Timber is the tree trunk, while a lumber is a long wood material sawn from the timber.

When I think of lumber, it always remind me of the Monty Python I am a Lumberjack ditty.  🙂 🙂 🙂

By the way you can tell the age of a tree by counting the growth rings.

Snapped: Ampalaya (Bitter gourd)

Ampalaya, photo by PH Morton

Snapped: Ampalaya (Bitter gourd)

It is said that if it is bitter then it is good for you.  You only have to remember the taste of the different drugs (as in medicine) 🙂  you have taken over the years.  Bitter as bitter can be!!!

In the bitterness scale ampalaya can reign supreme, so much so that it is now an accepted crude metaphor for a person being bitter.  🙂 🙂 🙂  like “Ampalaya ka naman, Ate” (you are a bitter gourd, sister) pertaining to someone, who is on a full on tirade. 🙂

Anyway, bitter it may be, ampalaya is delicious in its own way that it is a major ingredients in many a Filipino recipe.  Just search for ampalaya or bitter gourd in the search box on the top right of this site.

By the way ampalaya or bitter gourd is also referred to as bitter melon.

Ampalaya Recipe:

Puso Ng Saging (Banana Heart)

Banana heart, photo by JMorton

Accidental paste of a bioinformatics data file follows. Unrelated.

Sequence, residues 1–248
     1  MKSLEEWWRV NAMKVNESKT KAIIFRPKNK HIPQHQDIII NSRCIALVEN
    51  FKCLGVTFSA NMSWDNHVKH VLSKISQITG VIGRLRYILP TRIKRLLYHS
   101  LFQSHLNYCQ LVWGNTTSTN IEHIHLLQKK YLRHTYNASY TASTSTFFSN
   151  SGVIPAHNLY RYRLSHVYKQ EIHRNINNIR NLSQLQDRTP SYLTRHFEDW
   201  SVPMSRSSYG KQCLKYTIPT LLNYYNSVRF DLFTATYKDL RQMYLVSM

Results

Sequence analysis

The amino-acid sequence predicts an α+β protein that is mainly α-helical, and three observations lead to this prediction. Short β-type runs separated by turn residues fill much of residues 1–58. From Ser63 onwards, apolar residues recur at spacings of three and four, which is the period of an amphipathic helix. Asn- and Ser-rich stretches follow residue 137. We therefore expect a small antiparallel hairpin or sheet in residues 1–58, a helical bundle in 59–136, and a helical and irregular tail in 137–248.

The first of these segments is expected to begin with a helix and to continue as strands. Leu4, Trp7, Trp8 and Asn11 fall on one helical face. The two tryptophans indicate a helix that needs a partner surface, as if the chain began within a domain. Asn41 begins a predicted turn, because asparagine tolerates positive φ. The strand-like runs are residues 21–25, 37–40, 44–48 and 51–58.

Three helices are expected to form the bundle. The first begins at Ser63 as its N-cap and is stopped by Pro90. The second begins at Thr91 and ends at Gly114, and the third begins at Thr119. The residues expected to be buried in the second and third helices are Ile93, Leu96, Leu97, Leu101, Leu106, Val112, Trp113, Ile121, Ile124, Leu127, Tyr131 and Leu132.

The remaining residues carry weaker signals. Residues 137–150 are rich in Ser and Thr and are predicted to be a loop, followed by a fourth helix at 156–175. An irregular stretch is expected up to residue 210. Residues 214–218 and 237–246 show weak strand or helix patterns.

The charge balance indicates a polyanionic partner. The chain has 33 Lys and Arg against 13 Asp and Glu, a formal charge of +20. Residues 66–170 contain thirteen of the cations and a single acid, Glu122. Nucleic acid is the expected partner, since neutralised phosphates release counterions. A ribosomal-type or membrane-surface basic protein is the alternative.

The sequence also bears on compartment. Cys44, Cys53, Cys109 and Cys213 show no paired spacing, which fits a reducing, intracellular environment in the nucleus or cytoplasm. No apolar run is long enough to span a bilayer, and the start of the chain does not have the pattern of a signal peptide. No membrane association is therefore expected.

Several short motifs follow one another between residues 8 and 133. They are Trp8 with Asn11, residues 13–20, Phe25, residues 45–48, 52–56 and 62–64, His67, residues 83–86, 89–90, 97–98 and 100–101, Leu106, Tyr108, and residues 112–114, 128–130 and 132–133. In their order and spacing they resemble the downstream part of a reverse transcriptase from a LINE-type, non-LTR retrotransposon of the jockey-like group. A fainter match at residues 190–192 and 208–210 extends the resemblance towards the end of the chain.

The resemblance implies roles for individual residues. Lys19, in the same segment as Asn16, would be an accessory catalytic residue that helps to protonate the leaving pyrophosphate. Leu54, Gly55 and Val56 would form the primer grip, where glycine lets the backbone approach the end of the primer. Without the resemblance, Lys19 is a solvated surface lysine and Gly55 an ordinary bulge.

Puso Ng Saging (Banana Heart)

I love puso ng saging or literally means banana heart in English.

There are plenty of recipes making use of banana heart, like ginataang puso ng saging, kilawing puso ng saging or even in kare-kare.

Pansit-pansitan (Peperomia pellucida) Medicinal Herb

Pansit pansit herb, photo by JMorton

Pancit pancit, photo by JMorton

Pansit-pansitan (Peperomia pellucida) Medicinal Herb

This was the herb given to us by the Lady of Necodemos, the manghihilot (healing massager) when we consulted her for stomach aches which seems to have afflicted our whole family in the Philippines after going for an overnight swim at Club Manila East.

She said to make a drink of tea from this herb.

She gave the following instruction:

Chop the herb and then boil in plenty of water.  Leave to simmer for at least 10 to 15 minutes with the pan uncovered.

Turn of the stove and leave this herbal tea to steep for at least 10-15 minutes.

Strain and drink half a cup every four hours.

This herb will settle your stomach and digestive system.

Remaining tea can be stored over a couple of days in a clean jar in the fridge.